Bangladesh: Monsoon Floods - Information Bulletin


The situation

Huge onrush of water from the upstream and monsoon rain freshly flooded northern and north-eastern districts of Bangladesh. Earlier, during the last week of June 2020, BDRCS based on the forecast, has activated its Early Action Protocol (EAP) to support 3,800 households in three districts which have more than 25 per cent of household assets damaged. After showing a slight improvement last week, the flood situation has deteriorated again as major rivers in the country are flowing above the danger level. According to the current forecast, this flood has 50 per cent chances to cross 1 in 10 years on 21 July. Thousands of people in low-lying areas are witnessing the second phase of floods this season due to rise of water levels of major rivers in the country.

Flood situation may further worsen in north-eastern districts of Sylhet, Sunamganj and Netrokona; northern districts of Nilphamari, Lalmonirhat, Rangpur, Kurigram, and Gaibandha; north-western district of Natore and north central districts of Bogura and Jamalpur by 13 July 2020. Many of these districts were affected when the first monsoon flood hit on 26 June and the situation there improved after several days. The Ministry of Disaster Management and Relief (MoDMR) mentioned in a briefing that the northern Kurigram, Lalmonirhat, Rangpur, Nilphamari and Gaibandha, northwestern Natore, Naogaon, Bogura, Sirajganj and Rajshahi, northcentral Jamalpur and Tangail and central Manikganj districts in the Brahmaputra-Jamuna basin, central districts of Rajbari, Faridpur, Madaripur, Shariatpur and Munshiganj and southeastern Chandpur in the Ganges-Padma basin and northeastern Netrokona, Sylhet and Sunamganj and central district of Kishoreganj in the Meghna basin may witness a fresh wave of flood.

According to the Flood Forecasting and Warning Centre (FFWC) bulletin on 12 July 2020, water levels of all major rivers in upper Meghna basin, Brahmaputra-Jamuna and Gages basins are in rising trend till 12 July morning and it may continue in the next 72 hours due to onrush of upstream water coupled with heavy to very heavy rainfall.

Major rivers in the Meghna basin such as Surma River, Jamuna River and Gur River are all reportedly experiencing rising water levels above their danger marks.

The FFWC is predicting that heavy rainfall is likely to occur in the country’s south-eastern hill regions and it may cause rapid rise of water levels in Sangu, Halda Muhuri and Matamuhuri rivers in that region on 13 July 2020.

Of the 101 river gauging stations, the FFWC observed swelling at 66 points within the 24 hours on 11 July 2020.
The FFWC reported that the precipitation level was at 523 millimeters at Cherapunji during the same time and Assam and Meghalaya and West Bengal also received heavy rain. For Bangladesh, the country’s highest rainfall of 252 millimeters in the 24 hours until 9:00 am local time on 11 July 2020 was recorded at Lourergarh in Sunamganj. Extremely heavy rains were observed at many places at Sylhet, Sunamganj, Netrokona and Mymensingh.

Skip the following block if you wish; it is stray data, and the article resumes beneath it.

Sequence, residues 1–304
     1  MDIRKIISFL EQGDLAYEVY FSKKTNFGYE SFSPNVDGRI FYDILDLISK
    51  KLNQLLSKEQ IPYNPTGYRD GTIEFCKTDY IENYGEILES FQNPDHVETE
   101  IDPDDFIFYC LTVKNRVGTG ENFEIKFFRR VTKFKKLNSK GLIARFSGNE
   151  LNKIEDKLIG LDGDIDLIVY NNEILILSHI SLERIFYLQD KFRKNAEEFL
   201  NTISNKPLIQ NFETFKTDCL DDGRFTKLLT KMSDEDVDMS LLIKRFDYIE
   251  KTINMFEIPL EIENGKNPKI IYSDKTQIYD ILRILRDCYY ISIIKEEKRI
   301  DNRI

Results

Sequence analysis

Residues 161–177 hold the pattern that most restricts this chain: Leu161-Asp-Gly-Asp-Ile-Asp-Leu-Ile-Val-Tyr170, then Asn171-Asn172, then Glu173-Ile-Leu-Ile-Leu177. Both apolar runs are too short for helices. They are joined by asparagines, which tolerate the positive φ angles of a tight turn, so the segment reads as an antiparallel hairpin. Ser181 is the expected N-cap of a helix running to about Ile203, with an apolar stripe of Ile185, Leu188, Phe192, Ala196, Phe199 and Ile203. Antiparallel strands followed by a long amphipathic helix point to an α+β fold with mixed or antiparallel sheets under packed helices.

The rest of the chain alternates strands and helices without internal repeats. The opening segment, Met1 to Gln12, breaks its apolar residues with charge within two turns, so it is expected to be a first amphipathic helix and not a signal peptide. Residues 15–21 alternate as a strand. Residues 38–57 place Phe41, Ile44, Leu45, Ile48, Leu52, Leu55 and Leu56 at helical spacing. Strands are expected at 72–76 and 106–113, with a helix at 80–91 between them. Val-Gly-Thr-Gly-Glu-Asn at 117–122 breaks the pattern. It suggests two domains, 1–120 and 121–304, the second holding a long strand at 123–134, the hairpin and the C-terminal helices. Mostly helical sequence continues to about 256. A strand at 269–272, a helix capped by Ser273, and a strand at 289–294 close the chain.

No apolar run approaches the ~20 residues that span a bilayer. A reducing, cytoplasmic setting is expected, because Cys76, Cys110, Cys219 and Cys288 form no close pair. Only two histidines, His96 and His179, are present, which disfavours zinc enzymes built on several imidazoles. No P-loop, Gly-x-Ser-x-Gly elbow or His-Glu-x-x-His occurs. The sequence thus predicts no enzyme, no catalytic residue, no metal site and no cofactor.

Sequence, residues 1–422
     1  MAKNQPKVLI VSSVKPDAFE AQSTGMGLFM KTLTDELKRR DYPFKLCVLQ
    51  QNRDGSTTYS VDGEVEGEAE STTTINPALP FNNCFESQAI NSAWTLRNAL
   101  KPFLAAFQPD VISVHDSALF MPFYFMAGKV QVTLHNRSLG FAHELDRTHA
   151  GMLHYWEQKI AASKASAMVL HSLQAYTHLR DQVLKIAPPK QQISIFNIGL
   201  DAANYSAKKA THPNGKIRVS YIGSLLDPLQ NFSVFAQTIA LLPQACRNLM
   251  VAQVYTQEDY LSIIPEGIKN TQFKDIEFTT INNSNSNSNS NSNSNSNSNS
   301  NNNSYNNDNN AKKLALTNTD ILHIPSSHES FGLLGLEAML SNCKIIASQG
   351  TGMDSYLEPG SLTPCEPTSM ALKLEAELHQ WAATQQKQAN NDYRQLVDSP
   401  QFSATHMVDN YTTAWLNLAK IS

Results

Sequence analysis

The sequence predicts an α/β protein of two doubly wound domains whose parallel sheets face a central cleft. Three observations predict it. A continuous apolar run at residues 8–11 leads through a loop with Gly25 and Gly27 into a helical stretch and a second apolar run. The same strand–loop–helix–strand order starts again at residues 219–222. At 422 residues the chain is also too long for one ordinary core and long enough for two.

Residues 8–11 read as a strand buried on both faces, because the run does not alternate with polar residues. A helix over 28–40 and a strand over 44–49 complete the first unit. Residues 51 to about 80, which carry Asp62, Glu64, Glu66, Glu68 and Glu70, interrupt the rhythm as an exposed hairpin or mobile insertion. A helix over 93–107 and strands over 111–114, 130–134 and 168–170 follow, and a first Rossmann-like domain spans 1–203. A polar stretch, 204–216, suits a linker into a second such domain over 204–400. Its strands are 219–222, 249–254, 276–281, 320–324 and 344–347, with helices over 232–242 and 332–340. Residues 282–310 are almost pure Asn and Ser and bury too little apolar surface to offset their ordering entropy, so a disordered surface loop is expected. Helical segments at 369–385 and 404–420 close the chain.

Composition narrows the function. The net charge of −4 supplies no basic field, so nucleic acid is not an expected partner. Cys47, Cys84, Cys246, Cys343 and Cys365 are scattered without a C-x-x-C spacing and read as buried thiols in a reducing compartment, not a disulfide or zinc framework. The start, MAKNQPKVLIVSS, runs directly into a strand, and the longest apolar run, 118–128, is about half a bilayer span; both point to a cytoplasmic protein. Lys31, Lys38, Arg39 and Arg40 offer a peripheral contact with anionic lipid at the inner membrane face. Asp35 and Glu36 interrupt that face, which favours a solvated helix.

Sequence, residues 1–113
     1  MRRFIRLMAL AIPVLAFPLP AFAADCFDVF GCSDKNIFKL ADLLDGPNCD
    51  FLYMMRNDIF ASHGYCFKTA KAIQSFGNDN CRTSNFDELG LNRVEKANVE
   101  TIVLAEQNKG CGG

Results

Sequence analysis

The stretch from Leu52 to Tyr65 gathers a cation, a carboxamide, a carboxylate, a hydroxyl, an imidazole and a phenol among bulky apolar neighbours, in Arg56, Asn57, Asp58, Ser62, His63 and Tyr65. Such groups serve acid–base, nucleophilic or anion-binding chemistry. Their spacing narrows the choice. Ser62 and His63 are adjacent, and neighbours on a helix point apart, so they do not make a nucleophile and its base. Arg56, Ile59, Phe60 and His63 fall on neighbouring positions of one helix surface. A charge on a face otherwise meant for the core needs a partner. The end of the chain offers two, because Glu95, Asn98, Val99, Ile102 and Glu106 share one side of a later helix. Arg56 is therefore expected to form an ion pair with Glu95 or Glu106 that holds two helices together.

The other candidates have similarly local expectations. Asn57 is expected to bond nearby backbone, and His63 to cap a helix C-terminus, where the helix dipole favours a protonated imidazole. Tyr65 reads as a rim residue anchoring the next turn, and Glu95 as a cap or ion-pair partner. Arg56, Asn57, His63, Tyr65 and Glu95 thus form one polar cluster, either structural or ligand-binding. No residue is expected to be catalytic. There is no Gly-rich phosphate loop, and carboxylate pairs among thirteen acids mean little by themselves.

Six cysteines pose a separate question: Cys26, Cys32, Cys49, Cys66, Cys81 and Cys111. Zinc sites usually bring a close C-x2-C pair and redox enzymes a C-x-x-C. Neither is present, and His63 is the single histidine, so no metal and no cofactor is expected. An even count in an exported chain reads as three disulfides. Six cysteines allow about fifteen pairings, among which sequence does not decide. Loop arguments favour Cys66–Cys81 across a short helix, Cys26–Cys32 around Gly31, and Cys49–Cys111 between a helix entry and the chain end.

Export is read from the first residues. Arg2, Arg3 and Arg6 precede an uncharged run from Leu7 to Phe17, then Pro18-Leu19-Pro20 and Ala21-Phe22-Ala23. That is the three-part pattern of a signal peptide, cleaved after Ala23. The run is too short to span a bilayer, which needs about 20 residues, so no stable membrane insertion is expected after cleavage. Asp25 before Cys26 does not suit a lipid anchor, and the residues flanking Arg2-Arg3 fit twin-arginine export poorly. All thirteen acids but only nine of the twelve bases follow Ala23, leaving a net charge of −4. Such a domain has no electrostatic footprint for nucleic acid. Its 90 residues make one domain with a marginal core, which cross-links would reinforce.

Bangladesh Meteorological Department predicted light to moderate rains in most places in Rajshahi, Rangpur, Mymensingh, Chattoram and Sylhet divisions and in many places in Barishal, Dhaka and Khulna divisions until Sunday morning. Indian Meteorological Department predicted extremely heavy rainfall to continue in places upstream through 12 July. According to Water Development Board, a lot of water was flowing from upstream until 12 July night. The water level at Teesta barrage point in Lalmonirhat rose to 55 centimeters above the danger mark while water at Dharla River at Kulaghat point was flowing above the danger level of 60 centimeters. The Water Development Board mentioned that the water is increasing gradually and issued a red alert in the Teesta basin as the flood situation continued to deteriorate.

Over a million people were marooned in dozens of villages from 10 to 11 July 2020 as roaring rivers swept away embankments in the districts where some of the embankments were already under water since 26 June.
Thousands of people are expected to leave their homes throughout the beginning of this week to seek shelter in higher grounds as the Water Development Board warned that the onrush of water from upstream would further intensify.

As low-lying areas in 23 districts are predicted to experience a month-long fresh flooding in the next week with the rise of water levels in major rivers, the Government of Bangladesh is on standby with all-out measures to face the flood situation. The State Minister of MoDMR said in a briefing that the government has taken all-out preparations to protect the lives and livelihoods of people from the approaching flood as the deluge may continue for prolonged period. Directives have been given to ensure preparedness of shelter centers in 23 districts. The Government of Bangladesh has allocated total 8,210 metric tons of rice, BDT 22,250,000 (approximately CHF 242,235) of cash, 48,000 packets of dry foods, BDT 4,800,000 (approximately CHF 52,258) worth of fodders (animal foods) and BDT 4,800,000 (approximately CHF 52,258) worth of child foods to 23 districts from 28 June to 9 July.

Each district will receive 200 metric tons of rice, BDT 500,000 cash (approximately CHF 5,443), BDT 200,000 (approximately CHF 2,177) worth of child food, BDT 200,000 (approximately CHF 2,177) worth of fodder and 2,000 packets of dry foods to ensure timely distribution and local administrations are available to immediately support the affected people. The State Minister of MoDMR said, more allocation will be provided based on the evolving needs of the affected people. The District Disaster Management Committee (DDMC) and Bangladesh Water Development Board offices are continuously coordinating and constantly monitoring the flood situation since June to ensure efficient response during monsoon season.